They call it 'education,' but it isn't

November has dates that are of import for Americans.

There’s Thanksgiving, of course. Despite all the warnings from mainstream media this year – COVID, inflation and more – Americans will celebrate as we always have. Yes, it will cost more, and yes, we may not be able to gather together as we have in years past, but the holiday is what it is, and that has not changed the fact Americans love it!

This week the supermarkets in my area were filled with people scanning long shopping lists, and their carts were filled to the brim. They are spending. While planning the feast, they were a bit more limited on the size of the family gathering, and certainly, the wearing of masks is now part of the daily requirement – like it or not.

Another November date that is important for Americans is Nov. 22. I say it “is” important – or at least, it “should” be.

That’s the date in 1963 John F. Kennedy, the 35th president of this country, was assassinated in Dallas, Texas. Kennedy was shot while riding in a motorcade. The governor of Texas, John B. Connally, was seriously wounded in the attack but survived.

Questions many Americans think of about that date are: Where were you when you heard what happened, How did it affect you, and What did it mean to your beliefs in our country? Did you think about it this year? What do you tell your children about what happened?

I was astonished this year on the 22nd as I read my local newspaper and found that there was not one mention of the historical significance of that date. The only note about it was in a 2-inch feature “Today in History,” and the Kennedy killing was just one of four items mentioned. That’s all!

I listened to what are generously called news-talk radio stations, and all I heard was second-guessing the Rittenhouse verdict and, of course, COVID and vaccines. Not one mention of President Kennedy and the enormous impact his death had on us and our history.

Having worked in news for many years, there was a never a year we ignored that date in our coverage of the day. It makes me wonder what’s happened. I suspect we can blame the schools. I suspect that our children have not been taught the import of that date in history, and as a result, when those children grow up and work in media, they just ignore it because they don’t know.

Shame on those teachers and shame on those school systems. They call it “education,” but it isn’t. But shame also on the parents for not knowing what their children are and are not being taught – and doing something about it.

I admit I went through something similar with my children. Quite frankly, when they were little and starting school, I was naïve. I trusted the schools. I had not experienced such brainwashing in my years in school and assumed it would be the same for my children. I soon learned I was wrong, and from that point on, I became – not exactly the “Mother from Hell” – but teachers knew who I was!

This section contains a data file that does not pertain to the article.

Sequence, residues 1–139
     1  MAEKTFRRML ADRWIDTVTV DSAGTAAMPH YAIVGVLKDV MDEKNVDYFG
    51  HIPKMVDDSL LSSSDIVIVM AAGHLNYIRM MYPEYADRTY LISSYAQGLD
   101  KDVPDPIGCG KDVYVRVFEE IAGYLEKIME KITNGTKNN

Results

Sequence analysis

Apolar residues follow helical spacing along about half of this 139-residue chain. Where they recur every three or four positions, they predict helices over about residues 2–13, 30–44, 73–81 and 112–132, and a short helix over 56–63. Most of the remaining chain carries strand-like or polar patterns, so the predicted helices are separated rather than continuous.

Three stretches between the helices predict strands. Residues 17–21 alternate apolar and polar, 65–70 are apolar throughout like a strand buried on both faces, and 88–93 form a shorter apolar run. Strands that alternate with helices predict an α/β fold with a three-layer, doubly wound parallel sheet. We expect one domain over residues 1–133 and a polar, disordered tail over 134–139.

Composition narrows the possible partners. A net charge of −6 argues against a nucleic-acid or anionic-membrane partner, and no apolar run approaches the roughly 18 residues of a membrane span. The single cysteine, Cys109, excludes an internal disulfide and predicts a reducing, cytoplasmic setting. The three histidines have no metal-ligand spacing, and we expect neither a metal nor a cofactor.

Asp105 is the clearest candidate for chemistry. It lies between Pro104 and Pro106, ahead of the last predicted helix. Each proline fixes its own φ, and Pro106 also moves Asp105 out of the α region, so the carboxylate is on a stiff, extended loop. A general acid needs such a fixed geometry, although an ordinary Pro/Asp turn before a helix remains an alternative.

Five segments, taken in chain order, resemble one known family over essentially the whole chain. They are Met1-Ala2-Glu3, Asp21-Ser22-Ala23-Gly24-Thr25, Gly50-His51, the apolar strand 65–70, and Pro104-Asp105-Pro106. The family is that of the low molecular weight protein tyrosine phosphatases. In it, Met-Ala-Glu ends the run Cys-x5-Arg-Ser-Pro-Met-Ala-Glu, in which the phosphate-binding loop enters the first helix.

And my children got a decent education. That is, after all, what we pay taxes for. Every year the amount of money going to the schools in this country gets larger, and yet, the educational results are dropping.

Despite that, young people are going to college and burdening themselves with enormous tuition debt. It’s like an open-ended charge account with no realistic way of paying it back when the time comes.

Whether they will have learned a job skill in college that would enable them to pay back such debt is doubtful. To make things even more insane, we have politicians from the federal level on down promising to pass laws that will pay off student loans!

Let’s see … the kids get themselves into debt and the rest of us, who work and pay our own bills, suddenly, through the largesse of the politicians, are required to pay those school debts via higher taxes.

There’s something wrong with this.

On top of that, there are many states that are dropping the requirement for students to pass tests in order to qualify for college entrance.

California, for one, has dropped the requirement for prospective students to take and pass the SAT or ACT test for entrance. The state university system has nine undergraduate campuses. It agreed to drop the tests last year because critics said they are biased against low-income, disabled, and black and Latino students. In addition, a court settlement this year prevents UC from using those exams at any time in the future.

So, everybody gets in – and the taxpayer is left with paying for it all.

What else is new?

So, as we pass another Thanksgiving, I am thankful for my country and our good history, but I am not thankful for those among us who do nothing but tear down what we are as a nation. I am tired of their endless ranting.

Follow Barbara Simpson on Facebook.

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This article was originally published by the WND News Center.

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